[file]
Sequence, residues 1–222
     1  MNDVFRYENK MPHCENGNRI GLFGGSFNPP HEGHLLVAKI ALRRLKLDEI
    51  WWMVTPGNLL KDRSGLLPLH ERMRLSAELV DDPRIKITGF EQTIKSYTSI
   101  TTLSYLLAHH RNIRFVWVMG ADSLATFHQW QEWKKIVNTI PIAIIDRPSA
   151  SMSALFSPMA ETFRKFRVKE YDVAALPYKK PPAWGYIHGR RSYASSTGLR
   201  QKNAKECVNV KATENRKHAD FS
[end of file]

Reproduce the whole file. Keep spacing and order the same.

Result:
Sequence, residues 1–222
     1  MNDVFRYENK MPHCENGNRI GLFGGSFNPP HEGHLLVAKI ALRRLKLDEI
    51  WWMVTPGNLL KDRSGLLPLH ERMRLSAELV DDPRIKITGF EQTIKSYTSI
   101  TTLSYLLAHH RNIRFVWVMG ADSLATFHQW QEWKKIVNTI PIAIIDRPSA
   151  SMSALFSPMA ETFRKFRVKE YDVAALPYKK PPAWGYIHGR RSYASSTGLR
   201  QKNAKECVNV KATENRKHAD FS